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Dinner was two spicy seafood and beef dishes (the closest equivalent would be stew, I suppose).

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If you want to avoid getting your clothes dirty, many Korean restaurants have aprons you can use:

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Later that night there was an awkward (for me) interrogation of 예림’s boyfriend. For most of the time I had no idea what was going on. At one point 예림cried, and I still don’t know exactly why. I could only offer tissues.

Wednesday: Relaxing and Goodbyes (for now)

Wednesday was the last day I spent with my family, and a comfortably lazy day. My family from Seoul planned to leave at 2pm, and I would with my oldest aunt and her oldest daughter 예지 (Ye-Ji) after them. We talked, ate, and cleaned the second floor. Before we left though, 예지and I found the stash of old family photos. Next time, we’ll have a lot more to look through, but we had a good time being amazed and laughing over the photos with my grandfather.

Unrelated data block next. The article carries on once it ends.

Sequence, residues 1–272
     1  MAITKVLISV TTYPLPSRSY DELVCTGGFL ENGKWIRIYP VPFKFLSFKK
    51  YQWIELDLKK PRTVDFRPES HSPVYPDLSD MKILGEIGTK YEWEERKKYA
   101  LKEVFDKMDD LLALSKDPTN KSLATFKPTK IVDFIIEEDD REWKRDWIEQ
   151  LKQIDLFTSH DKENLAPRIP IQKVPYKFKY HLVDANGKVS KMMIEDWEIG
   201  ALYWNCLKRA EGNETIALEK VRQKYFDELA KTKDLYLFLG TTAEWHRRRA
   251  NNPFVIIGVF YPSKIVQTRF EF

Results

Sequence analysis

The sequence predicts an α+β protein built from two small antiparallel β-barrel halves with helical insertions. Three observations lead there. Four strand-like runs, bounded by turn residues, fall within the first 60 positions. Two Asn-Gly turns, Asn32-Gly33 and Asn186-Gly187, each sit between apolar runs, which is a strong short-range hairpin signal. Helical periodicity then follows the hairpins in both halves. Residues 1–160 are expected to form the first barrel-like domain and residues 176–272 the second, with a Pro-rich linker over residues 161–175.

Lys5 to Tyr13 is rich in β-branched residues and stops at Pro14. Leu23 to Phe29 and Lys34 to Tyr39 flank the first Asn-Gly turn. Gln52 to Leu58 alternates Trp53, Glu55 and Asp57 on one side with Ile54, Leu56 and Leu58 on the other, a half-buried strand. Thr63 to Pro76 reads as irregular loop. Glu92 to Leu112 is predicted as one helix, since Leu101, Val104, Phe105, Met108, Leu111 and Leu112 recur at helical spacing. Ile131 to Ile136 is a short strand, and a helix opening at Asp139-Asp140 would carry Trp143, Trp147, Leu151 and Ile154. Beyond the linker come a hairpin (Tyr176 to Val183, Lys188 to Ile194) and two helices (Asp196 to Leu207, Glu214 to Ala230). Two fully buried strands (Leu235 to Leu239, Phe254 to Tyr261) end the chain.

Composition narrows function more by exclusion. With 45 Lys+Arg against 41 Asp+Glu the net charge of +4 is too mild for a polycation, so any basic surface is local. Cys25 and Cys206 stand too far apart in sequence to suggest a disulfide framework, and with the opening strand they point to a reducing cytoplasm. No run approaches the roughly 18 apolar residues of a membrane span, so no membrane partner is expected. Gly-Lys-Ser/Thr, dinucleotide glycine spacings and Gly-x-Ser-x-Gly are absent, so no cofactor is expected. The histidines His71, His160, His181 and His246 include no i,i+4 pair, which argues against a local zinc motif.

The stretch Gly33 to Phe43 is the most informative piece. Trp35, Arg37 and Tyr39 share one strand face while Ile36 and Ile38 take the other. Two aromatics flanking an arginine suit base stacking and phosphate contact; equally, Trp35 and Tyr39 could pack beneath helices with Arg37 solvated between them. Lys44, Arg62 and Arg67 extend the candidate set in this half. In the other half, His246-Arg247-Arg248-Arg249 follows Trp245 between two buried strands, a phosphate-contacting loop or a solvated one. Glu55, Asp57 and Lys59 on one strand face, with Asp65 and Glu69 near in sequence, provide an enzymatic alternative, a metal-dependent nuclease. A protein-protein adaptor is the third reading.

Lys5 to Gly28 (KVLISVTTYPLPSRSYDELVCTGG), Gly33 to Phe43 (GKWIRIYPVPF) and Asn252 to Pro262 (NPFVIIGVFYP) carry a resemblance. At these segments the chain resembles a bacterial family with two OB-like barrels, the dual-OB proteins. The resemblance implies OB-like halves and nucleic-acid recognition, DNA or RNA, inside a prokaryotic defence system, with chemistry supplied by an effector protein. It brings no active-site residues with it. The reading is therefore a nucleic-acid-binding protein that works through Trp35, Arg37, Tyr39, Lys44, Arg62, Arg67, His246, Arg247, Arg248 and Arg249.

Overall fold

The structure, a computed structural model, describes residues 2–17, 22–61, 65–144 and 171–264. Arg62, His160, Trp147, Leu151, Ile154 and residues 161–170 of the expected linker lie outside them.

My grandma and mom:

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While I held it together when saying goodbye to my youngest aunt and her family, I couldn’t when saying goodbye to grandma. But she patted me on the back and said, don’t cry, you’re close by, and we can meet again – something along those lines. Just like when I first arrived at my homestay, seeing my family for the first time brought up so much emotion that I felt as if I could cry at any moment. Unfortunately I think I’ve made a name for myself among my family as the emotional one. Next time they’ll definitely be watching out for tears.